There are many good signs to be seen and heard at the House – signs of good work.
Although there are plenty of things to be done, I get the feeling that they may well get done . . . sometime. So, the dining table is clearly in the process of repair/restitution. The holes and gouges have been filled and sanded, and, when the time is ripe or when the opportunity presents itself, it will probably be varnished. Damage to the front door will be repaired, and the cost of doing that has to be set against the “savings” that have been made and could have been spent on speakers. The boys know this and are involved. It’s becoming part of the House culture. These things make sense.
When J (on the day of his grandfather’s funeral) sits down to his breakfast, a grown-up comes and sits with him, has a bit of breakfast and a cup of coffee, and a chance to talk a bit. Later, she’s ironing his trousers in preparation for the funeral. Then we talk about – and I’m introduced to – geocaching. When Arthur comes in, J and Arthur immediately start talking about geocaching, sharing enthusiasm and achievement. Things are really happening for the boys. The House is helping them to become people in their own right, not totally controlled by their circumstances and background, just being bounced around by their histories and the hostile world around them.
So good to see/hear the two people working together in the morning just checking progress with each other – like a 30-second update and handover – brilliant.
When another grown-up comes in, she’s welcomed by the boys with concern and empathy – her father’s very sick in hospital. And this is someone who has never sought popularity with the boys – but now has respect and affection for being the person she really is.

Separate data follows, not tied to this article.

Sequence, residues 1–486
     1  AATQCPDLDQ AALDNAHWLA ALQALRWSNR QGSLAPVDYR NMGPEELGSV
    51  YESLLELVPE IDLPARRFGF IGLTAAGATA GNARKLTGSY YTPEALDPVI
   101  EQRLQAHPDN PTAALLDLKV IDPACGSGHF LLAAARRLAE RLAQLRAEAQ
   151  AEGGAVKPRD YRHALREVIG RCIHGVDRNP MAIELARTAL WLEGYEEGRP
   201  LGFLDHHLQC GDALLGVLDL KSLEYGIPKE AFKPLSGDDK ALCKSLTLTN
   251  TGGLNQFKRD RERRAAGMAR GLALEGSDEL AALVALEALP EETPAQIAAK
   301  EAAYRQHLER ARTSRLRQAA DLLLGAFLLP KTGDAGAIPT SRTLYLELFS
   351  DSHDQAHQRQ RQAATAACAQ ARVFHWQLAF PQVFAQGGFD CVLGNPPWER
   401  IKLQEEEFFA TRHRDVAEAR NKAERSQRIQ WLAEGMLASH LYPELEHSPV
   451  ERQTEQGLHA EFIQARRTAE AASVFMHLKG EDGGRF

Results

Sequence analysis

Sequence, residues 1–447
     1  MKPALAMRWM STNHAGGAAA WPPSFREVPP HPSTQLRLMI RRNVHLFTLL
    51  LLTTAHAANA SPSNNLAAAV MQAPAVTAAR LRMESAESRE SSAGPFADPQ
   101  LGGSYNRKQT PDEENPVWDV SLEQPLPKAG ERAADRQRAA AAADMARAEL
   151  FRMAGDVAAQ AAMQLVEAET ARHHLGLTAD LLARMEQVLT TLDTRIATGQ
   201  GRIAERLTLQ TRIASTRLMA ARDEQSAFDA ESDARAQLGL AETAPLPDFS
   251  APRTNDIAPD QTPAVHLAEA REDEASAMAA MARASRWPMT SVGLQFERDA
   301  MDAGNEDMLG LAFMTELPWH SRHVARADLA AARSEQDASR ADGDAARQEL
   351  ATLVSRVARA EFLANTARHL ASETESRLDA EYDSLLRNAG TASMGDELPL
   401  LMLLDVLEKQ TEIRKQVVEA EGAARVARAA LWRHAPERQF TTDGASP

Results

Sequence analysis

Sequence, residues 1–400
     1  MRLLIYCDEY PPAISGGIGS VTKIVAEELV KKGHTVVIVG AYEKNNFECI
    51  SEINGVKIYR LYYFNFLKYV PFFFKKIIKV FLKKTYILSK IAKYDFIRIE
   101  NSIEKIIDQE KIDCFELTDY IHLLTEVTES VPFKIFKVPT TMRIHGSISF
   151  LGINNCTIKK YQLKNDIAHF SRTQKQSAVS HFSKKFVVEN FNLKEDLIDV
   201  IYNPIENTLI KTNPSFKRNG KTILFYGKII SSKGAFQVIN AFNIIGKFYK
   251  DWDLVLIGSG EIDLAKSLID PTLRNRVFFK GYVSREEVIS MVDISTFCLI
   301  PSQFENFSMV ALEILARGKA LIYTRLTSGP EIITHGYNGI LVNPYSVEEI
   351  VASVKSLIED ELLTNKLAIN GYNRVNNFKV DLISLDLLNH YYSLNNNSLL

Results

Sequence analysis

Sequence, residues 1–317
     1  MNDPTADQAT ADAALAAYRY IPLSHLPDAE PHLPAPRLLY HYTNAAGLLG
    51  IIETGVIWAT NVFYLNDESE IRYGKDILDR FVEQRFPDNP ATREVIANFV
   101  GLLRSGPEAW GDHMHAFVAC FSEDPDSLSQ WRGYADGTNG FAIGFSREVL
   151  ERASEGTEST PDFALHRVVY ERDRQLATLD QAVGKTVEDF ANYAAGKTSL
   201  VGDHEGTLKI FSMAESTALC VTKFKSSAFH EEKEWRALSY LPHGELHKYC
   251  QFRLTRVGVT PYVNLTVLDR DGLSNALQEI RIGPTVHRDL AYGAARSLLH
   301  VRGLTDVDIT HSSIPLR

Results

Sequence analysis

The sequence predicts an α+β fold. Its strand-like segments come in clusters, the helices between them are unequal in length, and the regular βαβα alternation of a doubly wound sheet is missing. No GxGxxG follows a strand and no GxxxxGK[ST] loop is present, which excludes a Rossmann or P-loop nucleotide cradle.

More good signs: devolvement of responsibilities. Grown-ups and boys taking on more responsibility and becoming more accountable e.g. car, petty cash, front door, activities, shift planning.
Arthur and I went out for our now customery walk/talk and – to my shame – were late back for the lunch which Janet had prepared. This did not go unremarked, especially as I had drawn attention to exactly the same behaviour of others on my April visit.
I interpret the continuing absence of a lampshade in the office as an unconscious act of defiance – which I respect!
In the practice forum we explored themes of loss, change, birth, families, home. And Grace gave us good news of two young men who left the House some time ago.
As I got out of my car in the school car park, I saw Sheila and J, arm in arm under an umbrella going to the bus stop for J to take the bus to college. Staff are now up at 6 a.m. to support J in the mornings. But when I got into the House, Anthony told me about M’s antics last night which resulted in Anthony being up all night, and driving around East London looking for him. He was returned by police at 4.30 a.m. The team go to great lengths to support and look after the boys – whether they may be going too far in this was a subject of discussion during the day.
The handover notes for the last month give a vivid and full picture of the sort of work that is being done. It’s so unusual and so encouraging to read this combination of the personal and professional, individual and group, factual and reflective – superb.
I particularly liked the account of the boys getting ready for Dean’s visit – full of deep significance and meaning, and charming.